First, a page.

Reports

Business perspectives on European competitiveness

27 January 2006


Ernest-Antoine Seillière began by setting out the 2005 scorecard: it had not been a good year for Europe, with low economic growth, an institutional crisis over the constitution, problems with Turkey over enlargement, the British presidency of the EU – "from which we expected a lot but which delivered very little" – and a "dreadful quarrel" about the future EU budget.

The convergence of problems had raised the question among the business community: what is happening in Europe?

UNICE, an organisation representing 20 million companies, had identified two responses within the business world: acceptance that a period of reduced EU efficiency was acceptable and fear that the Union was on the slide. UNICE’s attitude was the latter – that if answers were not found soon, the EU would be seen as a second-rate power, with negative consequences for the business world.

It was clear that the public did not want "more Europe", said Mr. Seillière, but Europe could not come to a halt: if Euroscepticism spread to the point that nobody believed it was important for the EU to progress further, the main achievements of 50 years of European construction would be called into question.

Worse, fundamental policies would be in doubt, including the euro. "It would not be very difficult for Germany or Austria to say it does not work and so out we go," said the UNICE President.

The whole notion of the single market would also be challenged if the Union could not deliver the Services Directive, given that services accounted for 70% of EU GDP. Similarly, in relation to trade policy and other EU-level activities, building a "common attitude" in the Union would become increasingly difficult. Such problems fostered "nationalistic reactions" and it was now up to UNICE to warn EU leaders that if Europe came to a halt, there would be problems in terms of jobs and growth – and then companies would see possibilities elsewhere.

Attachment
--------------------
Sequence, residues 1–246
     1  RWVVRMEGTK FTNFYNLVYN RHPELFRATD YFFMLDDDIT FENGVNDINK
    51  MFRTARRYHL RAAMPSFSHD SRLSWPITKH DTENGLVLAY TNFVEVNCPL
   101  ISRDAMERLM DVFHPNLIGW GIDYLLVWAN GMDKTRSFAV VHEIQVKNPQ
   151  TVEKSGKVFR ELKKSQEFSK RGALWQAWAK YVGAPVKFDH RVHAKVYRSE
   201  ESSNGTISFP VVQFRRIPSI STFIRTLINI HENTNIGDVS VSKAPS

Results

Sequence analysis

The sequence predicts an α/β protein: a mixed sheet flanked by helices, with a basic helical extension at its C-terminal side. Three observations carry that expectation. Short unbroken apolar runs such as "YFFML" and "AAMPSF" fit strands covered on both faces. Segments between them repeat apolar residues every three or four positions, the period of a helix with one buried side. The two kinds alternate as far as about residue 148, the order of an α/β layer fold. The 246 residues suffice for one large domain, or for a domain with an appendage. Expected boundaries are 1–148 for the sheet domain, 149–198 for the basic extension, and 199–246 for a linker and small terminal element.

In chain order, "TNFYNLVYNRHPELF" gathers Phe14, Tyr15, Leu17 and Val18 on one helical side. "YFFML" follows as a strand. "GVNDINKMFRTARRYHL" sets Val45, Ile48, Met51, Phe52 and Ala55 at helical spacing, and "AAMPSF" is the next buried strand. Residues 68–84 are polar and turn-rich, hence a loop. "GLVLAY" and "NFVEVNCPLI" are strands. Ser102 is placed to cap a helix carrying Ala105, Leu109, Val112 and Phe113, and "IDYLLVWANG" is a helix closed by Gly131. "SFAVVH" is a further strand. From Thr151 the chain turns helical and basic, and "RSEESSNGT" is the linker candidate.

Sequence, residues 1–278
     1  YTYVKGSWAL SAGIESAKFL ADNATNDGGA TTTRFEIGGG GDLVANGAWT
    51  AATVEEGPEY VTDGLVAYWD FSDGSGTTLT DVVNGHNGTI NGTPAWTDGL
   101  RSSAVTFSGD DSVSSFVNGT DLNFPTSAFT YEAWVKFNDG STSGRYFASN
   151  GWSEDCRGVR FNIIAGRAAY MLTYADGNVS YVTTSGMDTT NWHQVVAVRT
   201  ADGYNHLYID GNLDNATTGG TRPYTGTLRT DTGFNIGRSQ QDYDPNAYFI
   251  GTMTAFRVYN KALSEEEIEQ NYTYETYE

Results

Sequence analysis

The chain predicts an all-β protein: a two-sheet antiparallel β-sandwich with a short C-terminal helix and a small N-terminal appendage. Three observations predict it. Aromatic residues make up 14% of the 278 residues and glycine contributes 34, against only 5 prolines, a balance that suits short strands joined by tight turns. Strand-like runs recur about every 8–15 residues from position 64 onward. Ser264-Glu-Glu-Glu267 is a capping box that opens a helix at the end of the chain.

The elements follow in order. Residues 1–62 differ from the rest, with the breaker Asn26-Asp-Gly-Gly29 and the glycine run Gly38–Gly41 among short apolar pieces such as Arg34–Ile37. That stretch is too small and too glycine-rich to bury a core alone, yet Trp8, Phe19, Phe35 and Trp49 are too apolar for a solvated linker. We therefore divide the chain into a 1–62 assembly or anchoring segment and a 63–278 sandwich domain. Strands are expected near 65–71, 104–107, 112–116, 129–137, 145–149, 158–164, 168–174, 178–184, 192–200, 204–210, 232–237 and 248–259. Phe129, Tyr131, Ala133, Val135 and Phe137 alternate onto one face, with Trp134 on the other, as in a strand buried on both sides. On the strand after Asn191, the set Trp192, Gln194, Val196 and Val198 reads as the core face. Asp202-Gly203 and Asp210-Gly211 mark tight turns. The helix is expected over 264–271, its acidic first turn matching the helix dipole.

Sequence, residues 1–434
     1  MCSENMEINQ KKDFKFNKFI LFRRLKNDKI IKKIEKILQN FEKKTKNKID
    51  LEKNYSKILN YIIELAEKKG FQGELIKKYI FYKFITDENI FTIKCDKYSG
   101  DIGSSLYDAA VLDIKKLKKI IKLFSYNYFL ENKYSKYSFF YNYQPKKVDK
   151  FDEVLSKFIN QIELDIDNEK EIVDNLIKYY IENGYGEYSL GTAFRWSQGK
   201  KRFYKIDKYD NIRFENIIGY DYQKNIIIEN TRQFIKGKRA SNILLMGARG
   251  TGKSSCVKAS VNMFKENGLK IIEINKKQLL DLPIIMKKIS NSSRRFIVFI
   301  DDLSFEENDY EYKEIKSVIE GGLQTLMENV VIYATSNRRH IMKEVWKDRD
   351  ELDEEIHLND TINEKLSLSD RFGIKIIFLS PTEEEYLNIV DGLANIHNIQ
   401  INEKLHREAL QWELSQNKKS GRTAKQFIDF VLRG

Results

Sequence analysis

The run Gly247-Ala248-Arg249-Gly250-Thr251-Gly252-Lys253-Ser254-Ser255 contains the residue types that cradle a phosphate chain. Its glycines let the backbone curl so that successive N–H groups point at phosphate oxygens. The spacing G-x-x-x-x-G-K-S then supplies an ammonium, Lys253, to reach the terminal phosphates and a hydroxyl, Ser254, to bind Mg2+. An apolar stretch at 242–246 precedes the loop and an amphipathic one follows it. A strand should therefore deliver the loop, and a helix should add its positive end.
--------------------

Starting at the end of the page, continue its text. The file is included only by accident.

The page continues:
"This is a very serious period," said Mr. Seillière, a former French diplomat and chairman of his family-owned steel producing company in France.

He acknowledged that his language was undiplomatic, but at least the position was clear: "The problems of Europe are being seen as a hot potato and politicians are waiting until it is cooler – but UNICE says this is not the right attitude."

But he was more upbeat about the European Commission’s latest push on the Lisbon Agenda, welcoming the emphasis on education and innovation, which were merging the key issues that drive the jobs and growth initiative.

He hoped that the Spring Summit of EU leaders would endorse the revised approach, which also stresses the need to boost the social dialogue – something the European business community recognised as integral to the EU’s hopes of prosperity: "There has to be a social dialogue to have a future in Europe," he declared. UNICE was ready to play a bigger role with the social partners in pushing the social dialogue.

The Services Directive, a major piece of legislation which could generate 600,000 jobs, was crucial to Europe’s recovery. Failure to deliver would reflect the EU’s incapacity to take a vital step forward.

Another crucial strand was better regulation, but Mr. Seillière was contemptuous of too much emphasis being put on whether France was allowed to reduce its VAT rates in restaurants or whether workers should be forced to cover up in the sun on EU health and safety grounds. People did not understand this approach, and what was needed was "leadership and common sense" to lead to new steps forward in European construction.